In essence, while the removal of the 50% CGT discount for expats has altered the landscape, with astute planning and a deep understanding of the tax rules, you can still navigate towards a profitable outcome. As always, seeking advice from a tax professional who specialises in expat finances is advisable to ensure you're making the most of your property investments while remaining compliant with Australian tax laws.

Super Contributions to Offset Taxable Income

One of the possible moves you can make is to use super contributions to offset your taxable income. For the 2023 financial year, the concessional contributions cap is set at $27,500. This includes employer contributions, salary sacrifice schemes, and personal contributions for which you claim a tax deduction. Non-concessional contributions are capped at $110,000 for the year, or up to $330,000 over three years under the bring-forward rule, depending on your super balance and other factors.

It's important to seek appropriate financial advice on this one to explore if contributing to superannuation is right for you, if your fund is the right one, and if the investments are aligned to your goals and risk profile.

Building Your Property Portfolio

Now, let’s get into the main information of building your property portfolio from Singapore.

  • Setting Your Investment Goals:
    • Define what you want to achieve with your property investments.
    • Consider factors like cash flow, capital growth, and your return on investment. Decide which variables are most important to your strategy.
  • Researching the Market:
    • Stay updated with the latest trends in the Australian property market with blogs, podcasts, research houses, and property investment advisers.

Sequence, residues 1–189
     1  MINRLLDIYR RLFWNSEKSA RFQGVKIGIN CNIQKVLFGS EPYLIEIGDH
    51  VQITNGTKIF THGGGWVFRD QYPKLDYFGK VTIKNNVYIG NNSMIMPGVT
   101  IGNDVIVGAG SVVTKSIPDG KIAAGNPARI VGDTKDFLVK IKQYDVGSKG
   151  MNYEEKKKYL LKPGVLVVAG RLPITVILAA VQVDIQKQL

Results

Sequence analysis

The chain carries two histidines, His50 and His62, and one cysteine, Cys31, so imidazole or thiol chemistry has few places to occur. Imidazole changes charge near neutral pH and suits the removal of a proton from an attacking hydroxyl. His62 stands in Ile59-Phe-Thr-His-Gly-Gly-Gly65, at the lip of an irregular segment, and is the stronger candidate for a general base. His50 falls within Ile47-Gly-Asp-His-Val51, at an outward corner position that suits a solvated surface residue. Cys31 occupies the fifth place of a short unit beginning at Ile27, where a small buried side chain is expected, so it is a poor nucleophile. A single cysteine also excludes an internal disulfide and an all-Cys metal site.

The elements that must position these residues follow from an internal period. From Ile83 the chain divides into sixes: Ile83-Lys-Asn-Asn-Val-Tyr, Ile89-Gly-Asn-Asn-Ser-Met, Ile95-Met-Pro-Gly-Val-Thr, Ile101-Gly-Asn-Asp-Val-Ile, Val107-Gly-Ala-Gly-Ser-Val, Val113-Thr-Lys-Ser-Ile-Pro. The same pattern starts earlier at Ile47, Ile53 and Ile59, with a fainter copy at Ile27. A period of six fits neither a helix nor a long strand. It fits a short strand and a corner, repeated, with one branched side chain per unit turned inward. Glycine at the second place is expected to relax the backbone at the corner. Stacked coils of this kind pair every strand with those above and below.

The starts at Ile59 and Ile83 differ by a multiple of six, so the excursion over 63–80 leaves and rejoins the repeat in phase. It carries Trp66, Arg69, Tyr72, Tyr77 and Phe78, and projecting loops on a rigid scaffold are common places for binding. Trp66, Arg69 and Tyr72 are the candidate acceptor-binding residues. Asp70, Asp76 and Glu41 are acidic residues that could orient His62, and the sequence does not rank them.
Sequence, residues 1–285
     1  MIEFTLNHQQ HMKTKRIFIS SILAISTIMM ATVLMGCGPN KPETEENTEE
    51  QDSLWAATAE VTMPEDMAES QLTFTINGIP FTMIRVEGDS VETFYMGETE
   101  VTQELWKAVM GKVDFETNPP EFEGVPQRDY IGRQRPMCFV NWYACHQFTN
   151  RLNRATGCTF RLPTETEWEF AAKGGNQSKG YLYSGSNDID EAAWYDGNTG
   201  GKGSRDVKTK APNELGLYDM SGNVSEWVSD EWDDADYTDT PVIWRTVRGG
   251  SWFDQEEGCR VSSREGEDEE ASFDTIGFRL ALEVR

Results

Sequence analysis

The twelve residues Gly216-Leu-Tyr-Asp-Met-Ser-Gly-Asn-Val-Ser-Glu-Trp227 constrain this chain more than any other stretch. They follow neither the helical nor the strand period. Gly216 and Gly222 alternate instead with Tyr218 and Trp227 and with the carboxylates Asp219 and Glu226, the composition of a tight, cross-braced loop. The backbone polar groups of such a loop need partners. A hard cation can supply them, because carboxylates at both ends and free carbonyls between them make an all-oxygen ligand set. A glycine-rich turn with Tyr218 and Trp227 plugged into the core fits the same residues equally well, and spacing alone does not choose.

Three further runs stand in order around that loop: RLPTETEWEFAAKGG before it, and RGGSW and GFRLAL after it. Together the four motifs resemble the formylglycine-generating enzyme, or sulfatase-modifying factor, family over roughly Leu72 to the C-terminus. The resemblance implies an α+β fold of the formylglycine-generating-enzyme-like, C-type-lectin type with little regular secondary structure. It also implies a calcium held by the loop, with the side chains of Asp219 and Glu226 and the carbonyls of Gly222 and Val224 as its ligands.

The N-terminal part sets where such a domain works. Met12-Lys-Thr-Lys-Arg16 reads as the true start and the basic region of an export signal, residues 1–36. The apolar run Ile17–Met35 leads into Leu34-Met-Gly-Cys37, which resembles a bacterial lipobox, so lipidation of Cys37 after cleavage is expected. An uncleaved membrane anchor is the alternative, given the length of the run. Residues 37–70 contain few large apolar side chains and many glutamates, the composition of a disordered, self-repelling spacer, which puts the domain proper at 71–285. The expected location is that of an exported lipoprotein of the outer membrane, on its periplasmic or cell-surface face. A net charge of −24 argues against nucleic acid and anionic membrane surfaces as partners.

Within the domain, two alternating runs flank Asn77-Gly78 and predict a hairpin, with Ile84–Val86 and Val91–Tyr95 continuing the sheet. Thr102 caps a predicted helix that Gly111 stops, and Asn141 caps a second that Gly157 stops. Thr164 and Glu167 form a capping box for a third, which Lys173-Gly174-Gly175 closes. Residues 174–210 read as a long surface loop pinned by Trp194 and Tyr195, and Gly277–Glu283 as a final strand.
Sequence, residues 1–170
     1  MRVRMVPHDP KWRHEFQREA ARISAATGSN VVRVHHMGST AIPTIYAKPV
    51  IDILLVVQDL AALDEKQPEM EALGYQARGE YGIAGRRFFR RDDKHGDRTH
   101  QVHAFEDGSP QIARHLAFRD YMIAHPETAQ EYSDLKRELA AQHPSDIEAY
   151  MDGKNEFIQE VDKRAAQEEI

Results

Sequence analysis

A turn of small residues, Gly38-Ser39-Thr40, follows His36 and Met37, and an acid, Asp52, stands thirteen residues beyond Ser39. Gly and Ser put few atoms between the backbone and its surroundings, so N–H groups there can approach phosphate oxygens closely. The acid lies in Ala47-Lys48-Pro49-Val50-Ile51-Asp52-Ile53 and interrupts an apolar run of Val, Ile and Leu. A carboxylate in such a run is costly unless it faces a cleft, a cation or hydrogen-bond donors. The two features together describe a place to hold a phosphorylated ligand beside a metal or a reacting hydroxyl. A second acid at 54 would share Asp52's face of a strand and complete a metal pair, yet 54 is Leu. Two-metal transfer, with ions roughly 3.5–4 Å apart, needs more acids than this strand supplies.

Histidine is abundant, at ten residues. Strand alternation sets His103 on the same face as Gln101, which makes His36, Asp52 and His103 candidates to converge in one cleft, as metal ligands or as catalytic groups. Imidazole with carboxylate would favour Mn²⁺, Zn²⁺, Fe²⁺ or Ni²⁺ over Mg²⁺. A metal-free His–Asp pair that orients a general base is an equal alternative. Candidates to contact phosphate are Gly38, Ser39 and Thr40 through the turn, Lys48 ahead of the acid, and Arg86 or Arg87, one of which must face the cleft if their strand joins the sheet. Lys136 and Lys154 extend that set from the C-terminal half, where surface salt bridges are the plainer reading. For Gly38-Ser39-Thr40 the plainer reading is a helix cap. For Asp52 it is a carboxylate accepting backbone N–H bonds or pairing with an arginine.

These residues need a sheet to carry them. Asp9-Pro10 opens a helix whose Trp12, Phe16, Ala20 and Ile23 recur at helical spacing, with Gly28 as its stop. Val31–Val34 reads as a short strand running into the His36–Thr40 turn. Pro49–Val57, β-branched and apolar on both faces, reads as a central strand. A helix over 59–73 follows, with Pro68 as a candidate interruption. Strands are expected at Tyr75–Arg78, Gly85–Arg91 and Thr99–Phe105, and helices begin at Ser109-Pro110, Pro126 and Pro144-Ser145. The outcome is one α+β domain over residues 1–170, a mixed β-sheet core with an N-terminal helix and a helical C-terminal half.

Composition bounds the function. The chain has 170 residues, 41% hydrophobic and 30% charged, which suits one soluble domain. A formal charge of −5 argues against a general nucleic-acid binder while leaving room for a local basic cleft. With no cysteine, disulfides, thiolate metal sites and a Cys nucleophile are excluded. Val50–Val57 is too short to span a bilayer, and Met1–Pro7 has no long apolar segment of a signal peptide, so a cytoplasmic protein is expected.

• Identify areas with high growth potential that align with your investment goals. Seek professional advice here where required.
  • Financing Your Investments:
    • Explore mortgage options available for expats living in Singapore.
    • Understand the impact of interest rates and loan terms on your investment.
  • Managing Your Investments:
    • Consider the logistics of managing property from abroad. It's wise to have a great conveyancer and property manager moving forward.
    • Evaluate whether self-management or hiring a property manager is right for you.
  • Growing Your Portfolio:
    • Develop a strategy for expanding your portfolio.
    • Balance diversification with the concentration of your investments.

Navigating Legal and Financial Considerations

Investing in property from overseas is not without its complexities. You’ll need to navigate the FIRB regulations if you or your partner is a foreign buyer, and ensure you’re compliant with both Singaporean and Australian laws. It’s worth engaging with a financial adviser who specialises in expat finances to guide you through this process.

Risk Management

All investments carry risk, and real estate is no exception. Consider how you’ll manage risks, such as changes in market conditions, fluctuating exchange rates, and vacancy periods.


Building a property portfolio from Singapore as an Australian expat is an exciting venture that, when done wisely, can offer significant financial rewards. By understanding the tax implications, leveraging your super contributions, and managing your investments effectively, you can create a robust portfolio that serves your long-term financial goals.


To Your Financial Success!

Jarrad Brown is an Australian-trained and qualified Fee-Based Financial Planner Global Financial Consultants Pte Ltd providing specialist financial advice and portfolio management services to Australian professionals in Singapore. Jarrad Brown is an Authorised Representative of Global Financial Consultants Pte Ltd - No: 200305462G | MAS License No: FA100035-3

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General Information Only: The information on this site is of a general nature only. It does not take into account your individual financial situation, objectives or needs. You should consider your own financial position and requirements before making a decision.

*Please note that Jarrad Brown is not a tax agent or accountant and none of the content outlined here should be taken as personal advice. You should consult your tax agent and financial adviser to review your current personal finances and financial goals to consider whether this strategy is appropriate for you.